But here at Davos, the Occupy WEF organizers - who’ve built seven igloos as they settle into protests against the World Economic Forum - have found rising temperatures a greater challenge.
Despite the biggest snow dump in decades, one day’s five degree high collapsed an igloo while a protestor was sleeping inside. Apparently it only sunk five centimeters at a time, and created entertainment rather than panic. FULL POST
London (CNN) – It’s official - Davos does not have the moves to attract Jagger.
The Rolling Stone frontman was supposed to be one of the more unusual guests at this year’s World Economic Forum, attending a tea party thrown by British Prime Minister David Cameron. But unfortunately for Cameron, you can’t always get what you want.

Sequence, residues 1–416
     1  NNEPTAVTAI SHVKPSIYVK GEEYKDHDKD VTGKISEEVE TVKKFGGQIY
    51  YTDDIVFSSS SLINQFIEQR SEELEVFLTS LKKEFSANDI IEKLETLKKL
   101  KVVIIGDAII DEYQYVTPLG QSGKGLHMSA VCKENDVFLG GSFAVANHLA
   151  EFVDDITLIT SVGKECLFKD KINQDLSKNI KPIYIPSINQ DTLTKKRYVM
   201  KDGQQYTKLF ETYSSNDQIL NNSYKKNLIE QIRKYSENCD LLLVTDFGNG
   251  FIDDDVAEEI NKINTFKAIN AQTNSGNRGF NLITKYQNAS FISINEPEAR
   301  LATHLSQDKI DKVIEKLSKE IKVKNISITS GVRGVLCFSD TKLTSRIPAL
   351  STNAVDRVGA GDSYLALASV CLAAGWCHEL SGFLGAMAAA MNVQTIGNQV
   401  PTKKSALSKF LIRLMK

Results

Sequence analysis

In a statement released Monday, Jagger said he was pulling out of the event, over fears he will be used as a "political football." Sir Mick – a knight of the realm - said he was worried about people making inaccurate judgements over his political allegiances and, as a result, was declining his invitation.
Davos, Switzerland (CNN) - The theme of this year’s World Economic Forum meeting in Davos is “the great transformation: shaping new models”. But this morning, at a WPP-organized breakfast about the world’s political outlook, it is the absence of a great transformation that is most clouding the world’s political outlook in 2012.